“Martha, Martha,” he replied, “you are worried and distracted by many things—by the many chores you have set yourself to accomplish. Actually, only one thing is needed.” For a split-second, Martha must have wondered what that one thing was. Did Jesus need a glass of water? Or maybe he meant that a single dish or a loaf of bread would be sufficient. Or perhaps he noticed that there was only one more thing to do before Martha could sit down and relax beside her sister. “Only one thing is needed,” Jesus said to her. “Mary has chosen the good part, which will not be taken away from her.”
Some translations use the comparative form and describe Mary’s portion as the “better” part, but the Greek text is ambiguous, and I think it makes more sense to hear Jesus naming Mary’s choice as good without needing to compare it with her sister’s decision to serve the guests. Jesus says to Martha, “Mary’s choice is a good one. It is good for her to be here among my disciples. This is where she belongs. What about you? Where do you belong? Don’t be drawn about—pulled in so many different directions. Where do you want to be? Where is your place? Don’t let other people tell you where you belong. Don’t worry about what they say or do. Let go of all their chatter. Stay focused in your own mind. Only one thing is needed. Where do you know that you belong? Find that place, and no one will take it away from you, even if that place is here as one of my disciples."
In many ways, the church still claims to be the moral framework for our society. Despite declining attendance and declining influence, representatives of Christianity still tell us what the world is supposed to look like, and the world is listening to them. But most Christians (and certainly the loudest ones) who are telling us what is right and what is wrong aren’t articulating God’s vision for the world. They are sharing their own self-serving vision wrapped up in a Christian disguise. We know this because their vision is nothing like God’s vision for the world. Their vision limits access to healthcare, promotes economic disparity, seeks to silence the voices of those with black or brown skin, and treats women and minorities as second-class citizens—as less important, less valuable than white men. How else could the President of the United States tell four female members of Congress, “Go back where you came from,” and gain support from his supposedly Christian base?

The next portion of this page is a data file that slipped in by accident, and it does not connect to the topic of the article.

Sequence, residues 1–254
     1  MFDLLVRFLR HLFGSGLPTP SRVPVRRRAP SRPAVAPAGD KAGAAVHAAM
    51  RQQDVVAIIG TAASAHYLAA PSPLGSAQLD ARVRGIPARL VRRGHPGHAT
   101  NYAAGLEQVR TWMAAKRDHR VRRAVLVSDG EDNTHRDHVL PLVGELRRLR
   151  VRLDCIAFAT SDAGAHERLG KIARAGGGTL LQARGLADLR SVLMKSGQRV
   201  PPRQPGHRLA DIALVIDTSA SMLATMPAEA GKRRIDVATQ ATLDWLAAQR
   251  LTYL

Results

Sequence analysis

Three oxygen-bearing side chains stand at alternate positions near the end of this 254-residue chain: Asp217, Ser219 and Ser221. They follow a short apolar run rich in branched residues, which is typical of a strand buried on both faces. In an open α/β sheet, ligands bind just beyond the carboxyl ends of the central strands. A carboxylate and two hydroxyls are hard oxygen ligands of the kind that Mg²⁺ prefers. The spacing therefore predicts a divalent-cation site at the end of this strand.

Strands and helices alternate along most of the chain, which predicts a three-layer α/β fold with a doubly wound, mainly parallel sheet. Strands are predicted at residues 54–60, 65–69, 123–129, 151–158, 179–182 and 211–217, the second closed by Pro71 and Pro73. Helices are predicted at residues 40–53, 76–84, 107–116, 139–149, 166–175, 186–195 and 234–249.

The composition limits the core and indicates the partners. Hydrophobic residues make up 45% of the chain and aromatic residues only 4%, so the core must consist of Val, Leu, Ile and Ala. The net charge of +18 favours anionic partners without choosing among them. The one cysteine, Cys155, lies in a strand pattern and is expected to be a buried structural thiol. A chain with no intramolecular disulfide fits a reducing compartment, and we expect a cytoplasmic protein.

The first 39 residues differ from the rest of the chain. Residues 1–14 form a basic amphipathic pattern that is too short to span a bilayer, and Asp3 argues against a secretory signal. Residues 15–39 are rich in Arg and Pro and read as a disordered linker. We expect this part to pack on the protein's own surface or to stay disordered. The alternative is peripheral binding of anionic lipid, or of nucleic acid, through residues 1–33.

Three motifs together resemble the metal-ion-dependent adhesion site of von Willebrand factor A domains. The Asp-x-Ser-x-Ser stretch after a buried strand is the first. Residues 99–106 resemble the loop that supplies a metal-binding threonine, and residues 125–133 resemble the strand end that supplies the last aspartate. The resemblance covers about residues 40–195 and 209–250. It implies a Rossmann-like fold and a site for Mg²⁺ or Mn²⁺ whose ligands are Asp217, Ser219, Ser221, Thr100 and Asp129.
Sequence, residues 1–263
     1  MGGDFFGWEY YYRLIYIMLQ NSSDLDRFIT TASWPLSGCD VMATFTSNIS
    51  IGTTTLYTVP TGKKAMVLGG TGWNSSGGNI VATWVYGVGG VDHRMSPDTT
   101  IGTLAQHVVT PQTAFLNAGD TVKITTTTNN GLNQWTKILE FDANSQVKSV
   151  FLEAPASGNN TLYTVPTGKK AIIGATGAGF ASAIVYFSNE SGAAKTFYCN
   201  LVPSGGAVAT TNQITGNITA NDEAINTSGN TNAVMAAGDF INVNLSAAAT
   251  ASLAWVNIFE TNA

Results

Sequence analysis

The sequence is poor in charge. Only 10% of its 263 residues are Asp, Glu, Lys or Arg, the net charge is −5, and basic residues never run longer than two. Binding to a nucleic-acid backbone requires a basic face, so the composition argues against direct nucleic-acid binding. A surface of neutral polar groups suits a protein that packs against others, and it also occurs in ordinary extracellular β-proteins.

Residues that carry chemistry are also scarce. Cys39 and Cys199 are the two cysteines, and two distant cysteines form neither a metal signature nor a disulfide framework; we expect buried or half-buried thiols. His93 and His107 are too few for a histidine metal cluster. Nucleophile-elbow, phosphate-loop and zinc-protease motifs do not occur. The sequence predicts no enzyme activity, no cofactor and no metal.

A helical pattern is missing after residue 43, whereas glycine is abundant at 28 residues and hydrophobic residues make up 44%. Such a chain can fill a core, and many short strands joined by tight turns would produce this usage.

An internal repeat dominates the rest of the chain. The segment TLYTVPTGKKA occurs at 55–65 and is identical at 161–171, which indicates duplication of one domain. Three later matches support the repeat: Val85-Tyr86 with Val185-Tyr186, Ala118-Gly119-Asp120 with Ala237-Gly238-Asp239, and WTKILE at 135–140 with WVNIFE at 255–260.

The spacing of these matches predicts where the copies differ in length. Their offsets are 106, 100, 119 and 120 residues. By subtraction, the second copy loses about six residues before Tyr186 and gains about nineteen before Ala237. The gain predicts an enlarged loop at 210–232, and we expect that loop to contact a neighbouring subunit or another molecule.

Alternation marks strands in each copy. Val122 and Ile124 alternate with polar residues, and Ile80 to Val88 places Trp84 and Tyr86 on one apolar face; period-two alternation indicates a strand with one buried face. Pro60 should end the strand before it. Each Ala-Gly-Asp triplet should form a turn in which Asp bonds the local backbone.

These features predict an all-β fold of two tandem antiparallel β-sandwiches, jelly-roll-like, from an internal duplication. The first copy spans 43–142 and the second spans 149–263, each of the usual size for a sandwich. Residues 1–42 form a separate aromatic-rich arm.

That isn’t how Jesus sees the world. Jesus envisions healing for all, prosperity for all, freedom for all, and dignity for all. That’s why he healed the lepers, celebrated the poor and the helpless, criticized the rich and the powerful, and welcomed women like Mary among his disciples. Jesus shows us that God unconditionally loves and values every single human being, and that doesn’t leave any room for racism or classism or toxic masculinity. Jesus makes room among his beloved followers for those whom the powerful would prefer to send back to the place where they presume that they belong. But Jesus shows us that they belong right next to him, right here with us.
That is God’s vision for the world, and, if we are going to be followers of Jesus, it must be our vision as well. For too long the church has stood on the side of the powerful, the connected, and the privileged. We have allowed Jesus’ voice to be coopted by those who seek to serve themselves and not the welfare of every human being. Their vision for the world seems to be unfolding all around us, and it is not only different from God’s vision but a threat to it. We cannot, therefore, be silent any longer. We must take back Jesus’ voice and let it speak to those in power. We must let Jesus’ voice be our voice. Only one thing is needed. If Jesus wouldn’t let the good portion be taken away from anyone, why would we?